|HUD No. 13-055
April 30, 2013
HUD, DOJ RELEASE NEW GUIDANCE ON "DESIGN AND CONSTRUCTION" REQUIREMENTS UNDER THE FAIR HOUSING ACT
Guidance designed to inform the accessible construction of multifamily housing
WASHINGTON - New guidance released today by the U.S. Department of Housing and Urban Development (HUD) and the Department of Justice (DOJ) reinforces the Fair Housing Act requirement that multifamily housing be designed and constructed so that it is accessible to persons with disabilities. Read HUD and DOJ's new guidance.
The Fair Housing Act prohibits discrimination in housing based on disability, race, color, national origin, religion, sex and familial status. The Fair Housing Act also requires that multifamily housing built for first occupancy after March 1991 contain accessible features for persons with disabilities.
The new guidance is designed to assist design professionals, developers and builders in understanding and meeting their obligations and to assist persons with disabilities in understanding their rights regarding the "design and construction" requirements of the federal Fair Housing Act.
"Everyone who is involved in designing and building multifamily housing must ensure that the required accessible features are present so that people with disabilities can use and enjoy their homes," said Eric Halperin, Senior Counsel and Special Counsel for Fair Lending in the Justice Department's Civil Rights Division. "This guidance will help design professionals and builders understand their obligations under this important component of the Fair Housing Act."
"Today, more than 30 million Americans use a wheelchair or have difficulty walking or climbing stairs and they have every right to live in housing that is accessible to them," stated John Trasviña, HUD Assistant Secretary for Fair Housing and Equal Opportunity. "This new guidance promotes access and helps developers construct housing that complies with the Fair Housing Act from the start so they don't have to retrofit later."
HUD and DOJ share responsibility for enforcing the federal Fair Housing Act. HUD is the agency with the primary responsibility for investigatingindividual complaints of discrimination. The Secretary of HUD, on his own initiative, may also file complaints alleging discrimination. The Attorney General may commence a civil action in federal court when there is reasonable cause to believe that someone is engaged in a pattern or practice of discrimination or that a group of persons has been denied rights protected by the Act.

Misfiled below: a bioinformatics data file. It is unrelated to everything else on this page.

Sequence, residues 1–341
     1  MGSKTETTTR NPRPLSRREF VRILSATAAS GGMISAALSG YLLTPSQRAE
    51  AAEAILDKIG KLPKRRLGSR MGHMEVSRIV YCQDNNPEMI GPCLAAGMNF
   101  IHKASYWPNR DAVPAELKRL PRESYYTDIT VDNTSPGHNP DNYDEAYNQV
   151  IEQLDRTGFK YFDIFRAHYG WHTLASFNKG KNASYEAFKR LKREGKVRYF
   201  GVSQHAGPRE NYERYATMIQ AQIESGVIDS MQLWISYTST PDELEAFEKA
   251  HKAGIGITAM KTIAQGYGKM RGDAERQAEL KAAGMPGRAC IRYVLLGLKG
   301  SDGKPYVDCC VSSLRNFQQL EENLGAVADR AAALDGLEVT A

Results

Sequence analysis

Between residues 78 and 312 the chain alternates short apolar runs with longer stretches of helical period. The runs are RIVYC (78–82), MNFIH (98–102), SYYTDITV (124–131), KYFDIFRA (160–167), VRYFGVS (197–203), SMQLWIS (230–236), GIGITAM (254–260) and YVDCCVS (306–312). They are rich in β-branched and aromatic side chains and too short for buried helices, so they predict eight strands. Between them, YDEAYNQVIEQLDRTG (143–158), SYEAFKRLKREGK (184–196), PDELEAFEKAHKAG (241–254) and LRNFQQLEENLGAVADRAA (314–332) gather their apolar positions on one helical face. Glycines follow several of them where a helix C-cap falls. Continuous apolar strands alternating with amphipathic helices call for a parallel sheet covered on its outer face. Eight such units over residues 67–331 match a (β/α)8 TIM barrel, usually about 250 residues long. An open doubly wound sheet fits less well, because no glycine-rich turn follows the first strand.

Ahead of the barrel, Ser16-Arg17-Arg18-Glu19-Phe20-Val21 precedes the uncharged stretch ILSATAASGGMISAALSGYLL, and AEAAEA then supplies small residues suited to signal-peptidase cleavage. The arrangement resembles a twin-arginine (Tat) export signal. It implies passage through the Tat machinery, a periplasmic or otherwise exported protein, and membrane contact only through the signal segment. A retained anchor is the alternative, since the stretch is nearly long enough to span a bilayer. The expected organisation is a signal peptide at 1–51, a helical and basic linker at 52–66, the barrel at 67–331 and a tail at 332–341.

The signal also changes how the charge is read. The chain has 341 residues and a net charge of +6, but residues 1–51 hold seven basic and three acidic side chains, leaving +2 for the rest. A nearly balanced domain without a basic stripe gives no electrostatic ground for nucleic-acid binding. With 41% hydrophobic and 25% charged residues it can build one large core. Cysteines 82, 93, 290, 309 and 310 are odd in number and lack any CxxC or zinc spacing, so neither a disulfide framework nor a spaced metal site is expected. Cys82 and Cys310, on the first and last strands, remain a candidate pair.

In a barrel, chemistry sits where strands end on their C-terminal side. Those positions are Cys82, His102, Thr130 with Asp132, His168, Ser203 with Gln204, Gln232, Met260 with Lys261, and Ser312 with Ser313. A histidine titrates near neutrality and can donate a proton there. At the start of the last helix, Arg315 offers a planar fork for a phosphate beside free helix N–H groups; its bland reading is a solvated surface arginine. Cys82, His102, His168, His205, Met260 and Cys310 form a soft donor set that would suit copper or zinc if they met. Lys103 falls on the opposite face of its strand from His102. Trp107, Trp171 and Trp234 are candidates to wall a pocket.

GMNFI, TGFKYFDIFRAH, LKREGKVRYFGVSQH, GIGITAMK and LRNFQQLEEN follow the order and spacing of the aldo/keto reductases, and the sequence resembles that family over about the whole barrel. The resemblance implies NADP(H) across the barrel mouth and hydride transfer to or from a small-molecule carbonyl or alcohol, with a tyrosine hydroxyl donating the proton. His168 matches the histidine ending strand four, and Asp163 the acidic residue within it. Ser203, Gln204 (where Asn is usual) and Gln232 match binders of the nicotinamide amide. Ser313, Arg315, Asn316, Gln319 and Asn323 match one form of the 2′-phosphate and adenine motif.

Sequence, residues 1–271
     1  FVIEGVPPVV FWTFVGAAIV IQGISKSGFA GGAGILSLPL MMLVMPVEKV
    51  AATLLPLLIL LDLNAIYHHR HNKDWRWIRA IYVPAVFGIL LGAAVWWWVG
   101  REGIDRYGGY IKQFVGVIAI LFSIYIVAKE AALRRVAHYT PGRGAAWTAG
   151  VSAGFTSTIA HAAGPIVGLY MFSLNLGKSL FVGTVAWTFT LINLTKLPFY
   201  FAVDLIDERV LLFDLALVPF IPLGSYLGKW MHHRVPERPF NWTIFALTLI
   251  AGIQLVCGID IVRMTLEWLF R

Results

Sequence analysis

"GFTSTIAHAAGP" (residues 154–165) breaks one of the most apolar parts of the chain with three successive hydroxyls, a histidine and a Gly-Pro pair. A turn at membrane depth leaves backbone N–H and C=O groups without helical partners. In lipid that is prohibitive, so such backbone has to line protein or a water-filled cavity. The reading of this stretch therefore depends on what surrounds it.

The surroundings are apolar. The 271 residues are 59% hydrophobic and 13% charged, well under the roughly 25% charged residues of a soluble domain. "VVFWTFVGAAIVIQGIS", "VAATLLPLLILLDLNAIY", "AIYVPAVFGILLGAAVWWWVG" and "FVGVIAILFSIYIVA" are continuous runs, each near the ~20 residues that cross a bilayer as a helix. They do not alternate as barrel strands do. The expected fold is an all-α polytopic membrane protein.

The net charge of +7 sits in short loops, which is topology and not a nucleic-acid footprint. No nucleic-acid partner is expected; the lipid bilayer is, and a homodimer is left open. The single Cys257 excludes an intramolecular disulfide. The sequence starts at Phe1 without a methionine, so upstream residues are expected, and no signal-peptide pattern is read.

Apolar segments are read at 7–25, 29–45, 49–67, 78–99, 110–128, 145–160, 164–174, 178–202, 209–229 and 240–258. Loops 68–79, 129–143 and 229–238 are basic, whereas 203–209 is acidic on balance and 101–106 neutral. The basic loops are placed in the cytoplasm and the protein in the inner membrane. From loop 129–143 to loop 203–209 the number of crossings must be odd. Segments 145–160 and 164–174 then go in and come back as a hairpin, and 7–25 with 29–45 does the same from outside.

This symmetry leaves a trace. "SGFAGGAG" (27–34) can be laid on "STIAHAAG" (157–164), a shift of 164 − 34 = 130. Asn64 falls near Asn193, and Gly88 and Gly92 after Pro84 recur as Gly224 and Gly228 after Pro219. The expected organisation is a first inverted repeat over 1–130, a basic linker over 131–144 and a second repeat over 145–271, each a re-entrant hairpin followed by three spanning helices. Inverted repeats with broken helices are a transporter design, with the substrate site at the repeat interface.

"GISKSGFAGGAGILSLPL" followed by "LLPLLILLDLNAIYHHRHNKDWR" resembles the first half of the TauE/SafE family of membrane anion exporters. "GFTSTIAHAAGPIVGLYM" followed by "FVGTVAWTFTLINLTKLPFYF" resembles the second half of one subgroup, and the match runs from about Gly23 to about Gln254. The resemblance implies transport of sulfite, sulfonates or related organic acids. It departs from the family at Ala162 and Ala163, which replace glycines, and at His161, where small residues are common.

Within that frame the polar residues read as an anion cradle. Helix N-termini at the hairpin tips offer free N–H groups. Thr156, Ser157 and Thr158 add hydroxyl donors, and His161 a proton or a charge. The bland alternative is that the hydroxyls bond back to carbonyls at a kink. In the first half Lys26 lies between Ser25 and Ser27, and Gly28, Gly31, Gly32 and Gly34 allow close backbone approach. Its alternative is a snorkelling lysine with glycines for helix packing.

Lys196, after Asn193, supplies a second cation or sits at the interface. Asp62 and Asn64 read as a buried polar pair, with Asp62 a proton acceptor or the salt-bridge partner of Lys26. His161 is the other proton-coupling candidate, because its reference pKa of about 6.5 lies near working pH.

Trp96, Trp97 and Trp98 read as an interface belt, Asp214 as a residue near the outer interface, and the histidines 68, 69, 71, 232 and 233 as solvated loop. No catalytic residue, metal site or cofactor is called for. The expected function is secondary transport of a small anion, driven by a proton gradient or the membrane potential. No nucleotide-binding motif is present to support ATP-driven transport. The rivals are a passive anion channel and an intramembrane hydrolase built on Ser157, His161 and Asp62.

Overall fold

Under the Act, housing built for first occupancy after March 1991 must include:
- Public and common use areas that are readily accessible to and usable by persons with disabilities;
- Doors that are designed to allow passage into and within all premises of covered dwellings and that are sufficiently wide to allow passage by persons with disabilities, including persons who use wheelchairs;
- An accessible route into and through the dwelling unit;
- Light switches, electrical outlets, thermostats, and other environmental controls in accessible locations;
- Reinforcements in bathroom walls to allow the later installation of grab bars; and
- Usable kitchens and bathrooms such that an individual using a wheelchair can maneuver about and use the space.
Since January 2009, HUD and its Fair Housing Assistance Program partners have investigated and either conciliated or charged 300 cases that alleged violations of the design and construction requirements of the Fair Housing Act. The Justice Department's Civil Rights Division has filed 141 cases to enforce the Fair Housing Act since January 2009, 19 of which have alleged discrimination based on a failure to design and construct multifamily housing in compliance with the Act.
Read more about HUD and the civil rights laws it enforces on HUD's website. More information about the DOJ Civil Rights Division and the laws it enforces is available at www.justice.gov/crt/index.php.
Persons who believe they have experienced housing discrimination may file a complaint by contacting HUD's Office of Fair Housing and Equal Opportunity at (800) 669-9777 (voice) or (800) 927-9275 (TTY). Housing discrimination complaints may also be filed by going to www.hud.gov/fairhousing, or by downloading HUD's free housing discrimination mobile application, which can be accessed through Apple devices, such as the iPhone, iPad, and iPod touch. In addition, individuals may contact DOJ at 1-800-896-7743 or they may email DOJ at email@example.com.
HUD's mission is to create strong, sustainable, inclusive communities and quality affordable homes for all. HUD is working to strengthen the housing market to bolster the economy and protect consumers; meet the need for quality affordable rental homes: utilize housing as a platform for improving quality of life; build inclusive and sustainable communities free from discrimination; and transform the way HUD does business. More information about HUD and its programs is available on the Internet at www.hud.gov and espanol.hud.gov. You can also follow HUD on twitter @HUDnews, on facebook at www.facebook.com/HUD, or sign up for news alerts on HUD's News Listserv.